In the two clips that follow we see Kerr attacking the same space, on the right side of the Barcelona defence, and both times the Australian gets in a shot – the second of which leads to Reiten scoring on the follow-up.
In this third video, the focus is Graham Hansen, a player who kept a position high on the right, outside of Chelsea's defensive shape, providing a threat both when running with the ball or with combinations in and around the box.
In the first clip her we see her pull Magdalena Erikssen out wide which, as a consequence, opens up space for centre-forward Asisat Oshoala to attack. The second and third clips display her directness, meanwhile, as she receives the ball wide and displays her threat in 1v1 situations.
Finally to the role of Caldentey, a player who had made an impact coming off the bench in the first leg, linking well with Bonmatí and helping her team create overloads centrally. As these two clips highlight, it was same throughout the second leg at Camp Nou where she was constantly looking to drop from the front line and find spaces, creating overloads in the midfield area of the pitch.
Her movement and positioning allowed the Spanish champions to reach the final third more frequently and, according to the match observer, this was significant in the second period when Chelsea made it harder for Barcelona to build up and so they looked for deeper vertical passes to both her and Bonmatí.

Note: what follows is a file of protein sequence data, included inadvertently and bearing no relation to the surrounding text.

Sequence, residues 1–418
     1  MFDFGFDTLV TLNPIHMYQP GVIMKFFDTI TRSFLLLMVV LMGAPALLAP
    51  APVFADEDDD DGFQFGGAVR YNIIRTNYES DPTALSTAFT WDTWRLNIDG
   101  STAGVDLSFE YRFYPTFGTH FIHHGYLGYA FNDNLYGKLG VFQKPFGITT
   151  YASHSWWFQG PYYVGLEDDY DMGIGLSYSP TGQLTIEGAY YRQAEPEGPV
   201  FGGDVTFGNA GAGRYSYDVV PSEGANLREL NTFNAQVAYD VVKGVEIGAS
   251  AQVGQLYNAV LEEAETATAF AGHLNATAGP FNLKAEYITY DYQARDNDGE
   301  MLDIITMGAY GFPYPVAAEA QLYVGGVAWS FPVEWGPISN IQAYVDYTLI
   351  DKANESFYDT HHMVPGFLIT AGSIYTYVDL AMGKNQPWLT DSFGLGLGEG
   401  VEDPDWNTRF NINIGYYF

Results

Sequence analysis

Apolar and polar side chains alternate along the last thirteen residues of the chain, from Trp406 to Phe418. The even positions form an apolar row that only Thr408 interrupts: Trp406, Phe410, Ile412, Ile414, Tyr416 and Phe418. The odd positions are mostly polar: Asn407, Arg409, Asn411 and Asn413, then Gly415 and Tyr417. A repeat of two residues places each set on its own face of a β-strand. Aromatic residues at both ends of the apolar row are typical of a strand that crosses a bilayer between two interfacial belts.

The data underlines her endeavour as she and Graham Hansen played the most passes in the attacking third of any player across the two semi-final second legs – 23 each (with a 87% completion rate in Caldentey's case).
Jonatan Giráldez, Barcelona coach: "We had to manage things well when they scored. When we went 1-0 up, I had a good feeling about the match. It felt like we had control but only four or five minutes later, Chelsea had their chance and scored. That's a bad moment but we found the courage and the management.
Bonmatí has a lot of energy. On the ball, she can beat opponents. But when we are defending, she has the effort, she'll press, drop back and help."
Emma Hayes, Chelsea coach: "We lost the tie because of the home leg. We were brave, we executed the game plan, everyone delivered a performance and I've never seen a Barça team so panicked. Especially second half, we were the better team."